Markets And Philanthropy
Brad has a great post on the Union Square Ventures weblog about the ways in which markets are likely to impact philanthropy. Brad went back and read the entire Hacking Philanthropy transcript and is going to post some of his thoughts. This is the first of those posts. Brad observes:
Recently we have seen the emergence of a new type of charity, one
that radically changes the relationship between donors and recipients.
Nonprofits like DonorsChoose and Kiva behave more like marketplaces
than traditional charities. This new model allows people in need to
post a request for a gift or a loan to the site, and donors to chose
which of those needs they would like to fund.
We spent a lot of time talking about why this is happening now, the
strengths and weaknesses of this approach, and how the emergence of
these markets might impact philanthropy in the future.
We have had the opportunity to experience the impact of a marketplace for philanthropy right here on this blog with the Donors Choose bloggers challenge. To date, 84 readers of this blog were able to click on a link, sift through dozens of public school classrooms in need of help, and make a donation.
My favorite moment at Hacking Philanthropy is described by Brad in his post:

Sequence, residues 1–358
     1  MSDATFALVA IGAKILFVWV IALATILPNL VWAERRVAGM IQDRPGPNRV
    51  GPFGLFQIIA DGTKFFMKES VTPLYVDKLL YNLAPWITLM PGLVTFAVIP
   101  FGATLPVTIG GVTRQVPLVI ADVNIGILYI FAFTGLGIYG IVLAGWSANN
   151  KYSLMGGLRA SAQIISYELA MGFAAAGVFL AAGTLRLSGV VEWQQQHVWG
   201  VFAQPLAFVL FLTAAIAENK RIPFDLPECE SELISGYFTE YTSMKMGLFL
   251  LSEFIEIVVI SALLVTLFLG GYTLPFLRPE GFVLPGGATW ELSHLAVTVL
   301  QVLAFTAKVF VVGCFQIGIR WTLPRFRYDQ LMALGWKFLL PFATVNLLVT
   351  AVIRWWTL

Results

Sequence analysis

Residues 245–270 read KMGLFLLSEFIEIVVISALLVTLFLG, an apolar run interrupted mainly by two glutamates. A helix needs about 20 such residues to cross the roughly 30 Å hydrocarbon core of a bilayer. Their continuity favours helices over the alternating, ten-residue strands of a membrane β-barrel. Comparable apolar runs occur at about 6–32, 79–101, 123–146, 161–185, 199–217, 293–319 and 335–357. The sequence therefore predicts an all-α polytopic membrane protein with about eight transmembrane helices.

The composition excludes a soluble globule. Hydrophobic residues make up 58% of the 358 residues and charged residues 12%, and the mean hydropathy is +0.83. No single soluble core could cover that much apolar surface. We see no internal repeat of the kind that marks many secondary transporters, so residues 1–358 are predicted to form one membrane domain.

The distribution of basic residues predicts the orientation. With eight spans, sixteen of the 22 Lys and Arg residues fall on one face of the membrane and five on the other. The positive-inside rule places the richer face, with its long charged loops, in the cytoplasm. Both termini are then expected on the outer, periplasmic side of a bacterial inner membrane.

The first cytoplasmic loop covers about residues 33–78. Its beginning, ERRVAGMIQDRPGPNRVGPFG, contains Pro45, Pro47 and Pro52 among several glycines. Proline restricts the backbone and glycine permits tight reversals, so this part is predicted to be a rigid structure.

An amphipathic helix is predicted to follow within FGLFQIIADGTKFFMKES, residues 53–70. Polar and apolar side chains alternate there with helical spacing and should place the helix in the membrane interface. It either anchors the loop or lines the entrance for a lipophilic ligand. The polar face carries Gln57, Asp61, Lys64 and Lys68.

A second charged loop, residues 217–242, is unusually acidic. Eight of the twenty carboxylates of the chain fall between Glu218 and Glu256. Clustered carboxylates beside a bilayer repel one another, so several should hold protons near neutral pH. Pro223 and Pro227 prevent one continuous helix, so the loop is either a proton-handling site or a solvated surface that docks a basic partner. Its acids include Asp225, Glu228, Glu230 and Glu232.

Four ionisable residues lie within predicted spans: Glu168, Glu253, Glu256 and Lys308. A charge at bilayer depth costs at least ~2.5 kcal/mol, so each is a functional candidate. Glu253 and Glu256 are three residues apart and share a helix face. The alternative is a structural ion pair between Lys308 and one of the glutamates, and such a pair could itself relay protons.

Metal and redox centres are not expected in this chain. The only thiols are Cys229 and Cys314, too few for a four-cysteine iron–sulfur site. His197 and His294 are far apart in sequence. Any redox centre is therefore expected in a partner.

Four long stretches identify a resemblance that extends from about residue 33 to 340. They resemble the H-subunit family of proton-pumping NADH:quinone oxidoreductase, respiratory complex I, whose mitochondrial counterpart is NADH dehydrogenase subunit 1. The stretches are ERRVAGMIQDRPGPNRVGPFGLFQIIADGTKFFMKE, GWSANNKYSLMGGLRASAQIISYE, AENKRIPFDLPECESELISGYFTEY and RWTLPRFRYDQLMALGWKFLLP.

Leslie Crutchfield stunned the technologists and entrepreneurs in the
group when she pointed out that the in the last 40 years, only two
organizations, Habitat for Humanities and AmeriCares , have broken into
the top twenty five of the Chronicle of Philanthropy’s annual list of
top philanthropies – the Philanthropy 400. The stability of this group
was a surprise to the folks on the for profit side who are used to a
world where one third of the top 25 companies on the Fortune 500 were
not in business in 1965 and companies like Google that did not exist 15
years ago. The emergence of marketplace oriented nonprofits could well
be the disruptive force that leads a reshuffling of the Philanthropy
To me that level of stability is problem. And so I hope marketplaces start to do their thing and bring Philanthropy into the 21st century. We are doing our part and I am very pleased about that.